Acknowledgements Top


The author thanks, Dr. Dibakar Bagchi, MS, Assistant Professor, Department of Surgery, and Dr. Sabyasachi Banerjee, MD, Assistant Professor, Department of Dermatology of the North Bengal Medical College and Hospital.

 
   References Top

1.Bekerecioglu M, Tercan M, Karakok M, Atik B. Benign chondroid syringoma: A confusing clinical diagnosis. Eur J Plast Surg 2002;25:316-8.  Back to cited text no. 1
    
2.Bhadani PP, Sen R, Bhadani UK, Karki S, Agarwal S. Is fine needle aspiration cytology (FNAC) useful in skin adnexal masses? A study on 5 cases of pilomatrixoma. Ind J Pathol Microbiol 2007;50:411-4.  Back to cited text no. 2
[PUBMED]    
3.Kumar B. Chondroid syringoma diagnosed by fine needle aspiration cytology. Diagn Cytopathol 2010;38:38-40.  Back to cited text no. 3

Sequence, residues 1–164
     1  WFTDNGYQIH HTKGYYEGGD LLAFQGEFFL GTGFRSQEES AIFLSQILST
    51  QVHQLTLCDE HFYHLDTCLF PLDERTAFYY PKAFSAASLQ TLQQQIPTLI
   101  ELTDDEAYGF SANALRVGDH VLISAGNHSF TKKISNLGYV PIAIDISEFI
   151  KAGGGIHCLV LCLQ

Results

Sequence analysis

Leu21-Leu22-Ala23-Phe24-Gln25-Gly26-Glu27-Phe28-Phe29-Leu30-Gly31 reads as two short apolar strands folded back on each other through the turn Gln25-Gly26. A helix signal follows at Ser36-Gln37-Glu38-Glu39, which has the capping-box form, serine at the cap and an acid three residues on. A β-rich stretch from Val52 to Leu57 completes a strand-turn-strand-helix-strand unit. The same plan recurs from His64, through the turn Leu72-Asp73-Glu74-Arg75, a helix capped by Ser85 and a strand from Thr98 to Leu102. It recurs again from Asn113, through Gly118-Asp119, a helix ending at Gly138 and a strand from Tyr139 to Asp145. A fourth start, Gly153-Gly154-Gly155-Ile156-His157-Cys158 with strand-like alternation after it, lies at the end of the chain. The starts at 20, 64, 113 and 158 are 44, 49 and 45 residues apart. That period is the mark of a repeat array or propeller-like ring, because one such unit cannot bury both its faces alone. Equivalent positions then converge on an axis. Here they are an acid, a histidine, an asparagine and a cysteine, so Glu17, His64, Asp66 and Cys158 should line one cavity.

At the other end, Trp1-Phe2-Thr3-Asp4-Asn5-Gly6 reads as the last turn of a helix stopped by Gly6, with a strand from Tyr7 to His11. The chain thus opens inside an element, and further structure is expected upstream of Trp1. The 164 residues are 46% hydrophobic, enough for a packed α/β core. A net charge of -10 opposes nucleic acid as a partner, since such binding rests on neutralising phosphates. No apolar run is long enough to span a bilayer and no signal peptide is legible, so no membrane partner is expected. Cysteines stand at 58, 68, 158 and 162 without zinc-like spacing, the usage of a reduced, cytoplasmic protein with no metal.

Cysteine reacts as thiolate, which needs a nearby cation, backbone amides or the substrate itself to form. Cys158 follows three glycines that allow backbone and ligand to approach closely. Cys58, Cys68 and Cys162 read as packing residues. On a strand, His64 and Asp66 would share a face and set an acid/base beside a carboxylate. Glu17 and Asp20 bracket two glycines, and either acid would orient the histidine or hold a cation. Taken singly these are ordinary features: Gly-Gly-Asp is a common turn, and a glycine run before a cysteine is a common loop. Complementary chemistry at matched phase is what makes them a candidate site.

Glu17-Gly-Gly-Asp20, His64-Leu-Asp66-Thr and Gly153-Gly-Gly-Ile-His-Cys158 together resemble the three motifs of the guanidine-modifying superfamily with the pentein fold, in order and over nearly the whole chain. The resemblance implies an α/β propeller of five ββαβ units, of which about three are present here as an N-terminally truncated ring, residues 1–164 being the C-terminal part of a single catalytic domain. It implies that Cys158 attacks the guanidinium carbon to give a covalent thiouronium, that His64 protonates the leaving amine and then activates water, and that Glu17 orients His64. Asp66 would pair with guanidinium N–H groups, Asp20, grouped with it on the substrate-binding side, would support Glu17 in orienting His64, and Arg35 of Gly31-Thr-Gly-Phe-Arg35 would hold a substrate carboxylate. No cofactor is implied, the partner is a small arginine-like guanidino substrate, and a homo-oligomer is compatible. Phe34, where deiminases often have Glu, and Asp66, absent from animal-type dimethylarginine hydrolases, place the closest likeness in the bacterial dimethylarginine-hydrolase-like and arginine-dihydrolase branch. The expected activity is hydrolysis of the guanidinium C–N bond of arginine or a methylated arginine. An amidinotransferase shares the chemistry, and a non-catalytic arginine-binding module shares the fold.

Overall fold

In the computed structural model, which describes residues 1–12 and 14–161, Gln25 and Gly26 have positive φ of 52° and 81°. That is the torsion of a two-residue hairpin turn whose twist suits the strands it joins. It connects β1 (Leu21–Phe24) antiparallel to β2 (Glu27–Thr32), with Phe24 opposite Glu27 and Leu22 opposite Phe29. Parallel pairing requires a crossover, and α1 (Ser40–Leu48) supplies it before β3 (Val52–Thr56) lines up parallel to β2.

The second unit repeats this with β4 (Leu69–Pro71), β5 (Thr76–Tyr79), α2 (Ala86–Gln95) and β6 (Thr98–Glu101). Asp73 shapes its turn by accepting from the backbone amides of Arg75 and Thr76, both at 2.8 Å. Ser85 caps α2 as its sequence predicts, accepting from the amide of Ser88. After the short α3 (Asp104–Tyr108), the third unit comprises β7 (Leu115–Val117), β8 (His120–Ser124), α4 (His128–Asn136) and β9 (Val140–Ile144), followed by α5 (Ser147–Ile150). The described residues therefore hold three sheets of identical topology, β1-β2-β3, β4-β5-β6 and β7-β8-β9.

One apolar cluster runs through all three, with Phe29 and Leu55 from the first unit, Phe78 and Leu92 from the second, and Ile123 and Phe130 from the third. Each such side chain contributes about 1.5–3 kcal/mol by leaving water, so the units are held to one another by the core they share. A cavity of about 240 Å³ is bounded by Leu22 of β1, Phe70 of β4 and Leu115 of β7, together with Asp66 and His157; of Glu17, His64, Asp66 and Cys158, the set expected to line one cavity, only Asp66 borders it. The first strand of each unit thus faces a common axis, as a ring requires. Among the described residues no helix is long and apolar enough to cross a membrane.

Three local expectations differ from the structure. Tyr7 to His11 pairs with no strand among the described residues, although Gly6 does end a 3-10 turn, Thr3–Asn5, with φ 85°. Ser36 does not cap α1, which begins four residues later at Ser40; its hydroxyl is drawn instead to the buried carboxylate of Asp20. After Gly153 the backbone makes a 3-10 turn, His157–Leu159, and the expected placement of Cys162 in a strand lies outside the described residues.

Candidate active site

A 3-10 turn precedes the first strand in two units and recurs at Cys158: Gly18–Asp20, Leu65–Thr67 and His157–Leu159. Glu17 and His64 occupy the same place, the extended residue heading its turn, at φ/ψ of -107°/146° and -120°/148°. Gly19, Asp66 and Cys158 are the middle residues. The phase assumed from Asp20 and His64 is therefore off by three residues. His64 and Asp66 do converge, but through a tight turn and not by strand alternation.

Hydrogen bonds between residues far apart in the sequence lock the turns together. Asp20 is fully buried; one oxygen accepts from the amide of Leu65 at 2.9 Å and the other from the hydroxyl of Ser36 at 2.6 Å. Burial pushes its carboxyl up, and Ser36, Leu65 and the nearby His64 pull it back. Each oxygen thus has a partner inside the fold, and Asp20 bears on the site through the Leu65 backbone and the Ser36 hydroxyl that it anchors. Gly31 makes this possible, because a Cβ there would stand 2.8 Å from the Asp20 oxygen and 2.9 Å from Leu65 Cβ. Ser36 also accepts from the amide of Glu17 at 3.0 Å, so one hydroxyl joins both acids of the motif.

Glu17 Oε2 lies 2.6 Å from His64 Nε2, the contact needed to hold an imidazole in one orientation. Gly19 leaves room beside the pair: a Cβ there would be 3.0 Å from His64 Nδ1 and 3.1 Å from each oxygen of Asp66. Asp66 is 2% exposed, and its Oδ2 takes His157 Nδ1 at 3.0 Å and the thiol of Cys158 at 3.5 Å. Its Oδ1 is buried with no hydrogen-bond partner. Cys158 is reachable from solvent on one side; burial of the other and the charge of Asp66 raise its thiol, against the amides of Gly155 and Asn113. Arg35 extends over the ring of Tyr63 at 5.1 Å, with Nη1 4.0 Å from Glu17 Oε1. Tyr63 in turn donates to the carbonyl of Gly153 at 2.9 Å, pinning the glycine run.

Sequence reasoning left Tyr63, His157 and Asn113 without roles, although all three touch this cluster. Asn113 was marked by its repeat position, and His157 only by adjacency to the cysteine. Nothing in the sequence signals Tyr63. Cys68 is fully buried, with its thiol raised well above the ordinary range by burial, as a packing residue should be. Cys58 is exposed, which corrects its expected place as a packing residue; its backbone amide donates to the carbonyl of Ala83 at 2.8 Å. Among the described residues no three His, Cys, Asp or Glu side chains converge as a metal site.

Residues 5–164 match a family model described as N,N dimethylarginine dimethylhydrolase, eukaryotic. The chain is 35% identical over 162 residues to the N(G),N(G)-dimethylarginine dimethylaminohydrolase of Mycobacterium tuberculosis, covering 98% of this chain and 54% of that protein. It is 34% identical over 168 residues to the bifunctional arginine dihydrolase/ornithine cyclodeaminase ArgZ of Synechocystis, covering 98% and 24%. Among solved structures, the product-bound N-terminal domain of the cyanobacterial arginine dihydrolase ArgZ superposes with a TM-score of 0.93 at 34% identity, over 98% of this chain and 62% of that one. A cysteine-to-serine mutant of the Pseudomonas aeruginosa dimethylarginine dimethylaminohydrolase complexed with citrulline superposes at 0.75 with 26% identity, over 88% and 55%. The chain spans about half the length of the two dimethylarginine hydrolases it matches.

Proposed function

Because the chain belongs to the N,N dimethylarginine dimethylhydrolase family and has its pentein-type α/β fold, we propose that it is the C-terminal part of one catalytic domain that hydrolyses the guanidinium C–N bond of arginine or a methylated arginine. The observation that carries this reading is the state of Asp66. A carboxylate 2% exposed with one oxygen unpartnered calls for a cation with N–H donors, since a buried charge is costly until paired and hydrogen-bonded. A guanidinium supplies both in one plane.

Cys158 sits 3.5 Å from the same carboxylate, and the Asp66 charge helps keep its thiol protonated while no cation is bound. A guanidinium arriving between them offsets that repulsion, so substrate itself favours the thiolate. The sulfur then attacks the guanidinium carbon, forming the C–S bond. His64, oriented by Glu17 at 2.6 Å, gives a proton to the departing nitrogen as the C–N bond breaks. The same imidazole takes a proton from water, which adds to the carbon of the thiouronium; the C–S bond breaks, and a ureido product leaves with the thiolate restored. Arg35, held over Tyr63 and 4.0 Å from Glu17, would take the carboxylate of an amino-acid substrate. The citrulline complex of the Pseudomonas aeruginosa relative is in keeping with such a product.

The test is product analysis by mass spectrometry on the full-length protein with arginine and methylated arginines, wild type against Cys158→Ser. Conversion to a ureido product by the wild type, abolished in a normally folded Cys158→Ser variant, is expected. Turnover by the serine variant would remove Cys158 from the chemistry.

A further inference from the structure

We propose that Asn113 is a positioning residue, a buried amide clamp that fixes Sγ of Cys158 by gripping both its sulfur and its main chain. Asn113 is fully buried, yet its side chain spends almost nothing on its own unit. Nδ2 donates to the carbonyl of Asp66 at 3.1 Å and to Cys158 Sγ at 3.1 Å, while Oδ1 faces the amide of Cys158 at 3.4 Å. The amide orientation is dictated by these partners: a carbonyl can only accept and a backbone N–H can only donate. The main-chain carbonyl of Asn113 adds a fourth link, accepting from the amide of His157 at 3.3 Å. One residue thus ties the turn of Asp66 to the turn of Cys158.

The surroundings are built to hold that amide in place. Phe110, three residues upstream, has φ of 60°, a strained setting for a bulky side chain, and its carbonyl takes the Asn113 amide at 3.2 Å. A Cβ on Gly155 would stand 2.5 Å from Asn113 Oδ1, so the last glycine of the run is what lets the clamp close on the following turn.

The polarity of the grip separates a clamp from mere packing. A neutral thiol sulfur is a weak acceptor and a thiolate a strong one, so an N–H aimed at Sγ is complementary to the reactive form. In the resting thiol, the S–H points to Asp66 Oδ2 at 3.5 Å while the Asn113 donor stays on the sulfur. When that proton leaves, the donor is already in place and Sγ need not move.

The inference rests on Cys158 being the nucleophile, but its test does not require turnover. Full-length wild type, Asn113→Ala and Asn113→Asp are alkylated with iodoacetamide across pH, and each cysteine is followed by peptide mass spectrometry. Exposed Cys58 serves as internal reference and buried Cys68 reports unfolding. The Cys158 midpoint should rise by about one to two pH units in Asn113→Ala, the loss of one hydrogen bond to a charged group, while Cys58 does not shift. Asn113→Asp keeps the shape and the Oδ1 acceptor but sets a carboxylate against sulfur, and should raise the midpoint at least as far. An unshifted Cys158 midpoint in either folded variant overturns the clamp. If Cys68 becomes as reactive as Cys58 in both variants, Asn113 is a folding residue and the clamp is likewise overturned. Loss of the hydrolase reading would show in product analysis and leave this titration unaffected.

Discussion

[PUBMED]    
4.Srinivasan R, Rajwanshi A, Padmanabhan V, Dey P. Fine needle aspiration cytology of chondroid syringoma and syringocystadenoma papilliferum. A report of two cases. Acta Cytol 1993;37:535-8.  Back to cited text no. 4
[PUBMED]    
5.Hirsch P, Helwig EB. Chondroid syringoma. Arch Dematol 1961;84:835.  Back to cited text no. 5
[PUBMED]    
6.LeBoit PE, Burg G, Weedon D, Sarasin A, editors. World Health Organization Classification of Tumours. Pathology and Genetics of Skin Tumours. Lyon: IARC Press; 2003. p. 147-8  Back to cited text no. 6
    
7.Borman H, Ozcan G. Chondroid syringoma at the fingertip: An unusual localization. Eur J Plast Surg 1998;21:311-3.  Back to cited text no. 7